Paolisi

Capo 'e Vascio

After having met the junction with Via Ferrari, that divides the historical centre of Paolisi into two portions, the main road takes the name of Via Roma and traverses the Capo 'e Vascio, the lower half of Paolisi. Even though parts of it have been inhabited since remote ages, nearly nothing remains of the original buildings after the massive reconstruction works that took place from the 17th century onwards. The upper class housing is, indeed, the prevailing element of the landscape.

Tirone-Fuccio Building

Palazzo Tirone-Fuccio

This building probably used to be the biggest and most luxurious of the upper class residences in Paolisi. It takes its name from the two families that, respectively, built it at the beginning of the 20th century and own it nowadays. Its style is mainly neoclassical, but featuring Liberty decorations as well, and inspired several other constructions in town.
Unfortunately the building was severely damaged by the 1980 earthquake, and afterwards restored without any accuracy. In particular the uppermost part of the front got lost, together with the painted walls that characterized both the internal courtyard and the main rooms. But it is still preserving part of its majesty.
A marble on the front of the building reminds that this was the birthplace of Nicola Tirone, a local politician who left a good memory of himself. Risorse ambientali [Comune di Paolisi]

The main source for the facts about Tirone Building explained here.

Altered perspective of the front This distorted picture of Tirone building enhances the bulk of the building, almost impossible to perceive with unaided eye as the street is too narrow. Even if partly spoilt by the restorations, the front preserves its symmetry, said to be inspired by the work of Vanvitelli in this region (e.g. the Church of Annunziata in Airola and the Royal Palace of Caserta). It is vertically divided into 5 portions, with the main portal in the middle, surrounded by 6 minor entrances to the rooms on the ground floor, whose usage was meant to be—and still is—primarily commercial. The upper floor features, correspondingly, 7 windows accessing to the balconies. The middle and side ones are marked by lesenes and topped by tympana, and give access to separate balconies of their own. The remaining ones, instead, are only topped by cornices, and share a balcony in couples. Note the upper level of the building, rebuilt without compliance of the previous structure.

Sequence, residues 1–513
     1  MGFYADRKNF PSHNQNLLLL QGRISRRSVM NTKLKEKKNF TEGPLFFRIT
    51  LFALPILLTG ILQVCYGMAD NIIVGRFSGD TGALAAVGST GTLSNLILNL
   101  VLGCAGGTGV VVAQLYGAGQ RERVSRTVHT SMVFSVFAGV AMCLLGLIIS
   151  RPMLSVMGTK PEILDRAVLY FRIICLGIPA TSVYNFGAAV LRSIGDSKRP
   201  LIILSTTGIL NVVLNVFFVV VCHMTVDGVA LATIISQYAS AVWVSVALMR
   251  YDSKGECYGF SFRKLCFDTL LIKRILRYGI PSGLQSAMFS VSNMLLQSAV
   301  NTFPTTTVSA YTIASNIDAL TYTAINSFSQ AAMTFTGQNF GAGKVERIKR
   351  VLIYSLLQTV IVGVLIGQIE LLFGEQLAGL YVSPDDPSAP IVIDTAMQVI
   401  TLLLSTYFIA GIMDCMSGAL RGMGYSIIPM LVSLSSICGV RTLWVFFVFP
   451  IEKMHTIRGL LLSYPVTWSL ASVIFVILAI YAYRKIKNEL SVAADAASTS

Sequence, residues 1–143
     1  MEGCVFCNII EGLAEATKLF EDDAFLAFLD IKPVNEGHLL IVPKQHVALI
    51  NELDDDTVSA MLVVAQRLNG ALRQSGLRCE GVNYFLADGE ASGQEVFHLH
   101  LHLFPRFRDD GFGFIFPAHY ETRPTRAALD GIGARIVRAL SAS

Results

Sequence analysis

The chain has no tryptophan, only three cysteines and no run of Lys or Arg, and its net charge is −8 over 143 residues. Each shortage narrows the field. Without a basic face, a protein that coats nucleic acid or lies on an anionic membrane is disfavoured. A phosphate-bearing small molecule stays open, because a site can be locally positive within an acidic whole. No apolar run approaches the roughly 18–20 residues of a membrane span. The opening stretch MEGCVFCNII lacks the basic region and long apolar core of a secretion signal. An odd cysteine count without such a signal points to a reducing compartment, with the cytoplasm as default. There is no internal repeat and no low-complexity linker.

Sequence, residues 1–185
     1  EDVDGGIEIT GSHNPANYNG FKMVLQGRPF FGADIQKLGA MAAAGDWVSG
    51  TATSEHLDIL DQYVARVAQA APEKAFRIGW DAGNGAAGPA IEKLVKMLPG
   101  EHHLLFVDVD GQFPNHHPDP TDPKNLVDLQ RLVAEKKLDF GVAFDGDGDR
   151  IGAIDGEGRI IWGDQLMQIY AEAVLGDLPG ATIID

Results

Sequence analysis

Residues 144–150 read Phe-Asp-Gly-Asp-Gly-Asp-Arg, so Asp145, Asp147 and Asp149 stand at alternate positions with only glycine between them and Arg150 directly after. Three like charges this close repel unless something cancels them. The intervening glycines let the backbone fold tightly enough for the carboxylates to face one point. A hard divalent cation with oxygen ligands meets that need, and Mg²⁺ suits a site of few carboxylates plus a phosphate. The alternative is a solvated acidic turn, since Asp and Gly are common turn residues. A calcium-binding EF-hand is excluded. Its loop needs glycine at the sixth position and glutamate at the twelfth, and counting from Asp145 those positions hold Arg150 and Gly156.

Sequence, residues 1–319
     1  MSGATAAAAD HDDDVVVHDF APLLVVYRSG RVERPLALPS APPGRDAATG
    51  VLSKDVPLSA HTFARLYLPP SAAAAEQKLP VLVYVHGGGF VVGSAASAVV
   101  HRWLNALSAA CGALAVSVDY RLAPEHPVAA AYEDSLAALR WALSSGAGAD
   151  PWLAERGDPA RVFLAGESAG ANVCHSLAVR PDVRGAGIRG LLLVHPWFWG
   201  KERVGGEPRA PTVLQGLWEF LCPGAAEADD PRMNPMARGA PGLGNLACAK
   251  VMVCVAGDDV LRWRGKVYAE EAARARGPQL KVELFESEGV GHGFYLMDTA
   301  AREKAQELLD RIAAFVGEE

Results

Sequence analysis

Vaults of the entrance The main entrance of the building gives access to an environment topped by three vaults, leading to the middle courtyard and featuring a staircase to the upper floor to the left. The decorations on the vaults are the only remaining ones of the building. Middle balcony with the marble to Nicola Tirone The richest part of the front is middle section of the upper level. The tympanum-topped balcony is surrounded by couples of Corinthian-inspired lesenes, which feature additional floral and humanoid motifs. The courtyard The courtyard has lost most of its original fashion. There were two fountains, with Liberty style frescoes inspired by the Pompeii ones. The main surviving element here are the Ionic style columns holding the top floor.
View of Via Roma from Gallo-Gemma House (on the left) Gallo-Gemma House lies just opposite Tirone Building. It dates back to 1733 and features a simple stone portal together with some other decorations, including the family's coat of arms. The façade of the Church of Sant'Andrea is visible at the bottom. View of Vico Nuzzilli Except for the bigger building on the front, Vico Nuzzilli is an alley characterized by modest housing, and possibly retained its original plan. Baroque balcony of Romano House The town hall of Paolisi, formerly Ferraro House

Church of Sant'Andrea Apostolo

Chiesa di Sant'Andrea Apostolo